Iraqi Shiite fighters of the Hashid Shaabi militia walk with their weapons as smoke rises from a vehicle driven by an Islamic State suicide bomber, which exploded during an attack on the edge of Tikrit, March 12, 2015. Reuters/Thaier Al-Sudani

AL ALAM, Iraq -- This Sunni-majority town between Baghdad and Tikrit was liberated last month from the grip of the Islamic State group, by the Shiite militias that are driving, throughout this area, the fight against the Muslim extremists. But when residents who had fled came back to the town, they found that more than 130 people were missing. They were all kidnapped from their homes after the city was liberated, residents say. Their families hoped to find some trace of their brothers, sisters, daughters and sons, but all they found were hollowed-out and ransacked homes, crumbling storefronts and an empty town.

Residents of both al Alam and al Dour, a neighboring town where the majority of people are also Sunnis, told International Business Times that after liberating the towns, members of some Shiite militias looted homes and dozens of stores and offices. They may also have killed the 130 people missing from al Alam, residents say, but no one knows for sure. Some top Iraqi officials agreed that the militiamen were responsible. The abduction has led to widespread mistrust of the Shiite militias, many backed by Iran, that are now in control of most the surrounding area.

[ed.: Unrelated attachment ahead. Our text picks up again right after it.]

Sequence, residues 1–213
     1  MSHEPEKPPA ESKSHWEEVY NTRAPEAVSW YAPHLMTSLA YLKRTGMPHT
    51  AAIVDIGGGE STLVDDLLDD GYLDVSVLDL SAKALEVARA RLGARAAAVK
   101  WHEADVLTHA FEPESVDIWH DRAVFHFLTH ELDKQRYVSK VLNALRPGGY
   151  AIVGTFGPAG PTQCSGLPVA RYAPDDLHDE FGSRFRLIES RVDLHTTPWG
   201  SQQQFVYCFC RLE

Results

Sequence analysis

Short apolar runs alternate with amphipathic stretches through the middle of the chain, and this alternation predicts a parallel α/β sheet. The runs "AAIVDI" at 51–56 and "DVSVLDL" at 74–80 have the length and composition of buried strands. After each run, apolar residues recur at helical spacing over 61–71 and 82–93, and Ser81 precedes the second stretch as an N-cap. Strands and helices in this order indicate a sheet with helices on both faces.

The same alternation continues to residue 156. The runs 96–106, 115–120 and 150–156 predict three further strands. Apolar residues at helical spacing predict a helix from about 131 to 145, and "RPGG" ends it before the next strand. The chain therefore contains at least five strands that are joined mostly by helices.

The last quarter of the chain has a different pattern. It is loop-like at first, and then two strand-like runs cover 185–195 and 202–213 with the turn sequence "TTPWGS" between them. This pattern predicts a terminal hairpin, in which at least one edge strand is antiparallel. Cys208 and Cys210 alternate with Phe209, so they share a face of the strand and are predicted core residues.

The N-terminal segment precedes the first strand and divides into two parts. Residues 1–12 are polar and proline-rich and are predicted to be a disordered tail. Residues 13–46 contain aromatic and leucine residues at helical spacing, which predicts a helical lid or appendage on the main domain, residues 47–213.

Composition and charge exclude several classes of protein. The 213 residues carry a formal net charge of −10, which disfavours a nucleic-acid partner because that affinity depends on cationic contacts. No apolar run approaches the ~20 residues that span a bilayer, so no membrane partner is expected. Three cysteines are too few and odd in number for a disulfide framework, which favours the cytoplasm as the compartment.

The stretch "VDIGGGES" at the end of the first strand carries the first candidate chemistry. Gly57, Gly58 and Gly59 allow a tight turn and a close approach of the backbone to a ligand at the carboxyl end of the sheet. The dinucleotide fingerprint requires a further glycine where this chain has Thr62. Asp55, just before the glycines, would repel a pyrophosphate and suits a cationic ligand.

But al Alam isn’t the only town in Iraq where Sunni residents fear retribution from Shiite militias after the Islamic State group, also known as ISIS or ISIL, is defeated. There have been reports of Shiite militias destroying homes, and killing residents, in places such as Diyala province, Fallujah and neighborhoods on the outskirts of Baghdad.

“These forces were very aggressive and they killed people,” said Raad al-Duluki, a Sunni member of the Iraqi Parliament from Diyala. “There are displaced families from Diyala that cannot get back there because it is under control of Shiite militias. They fear they will kill them.”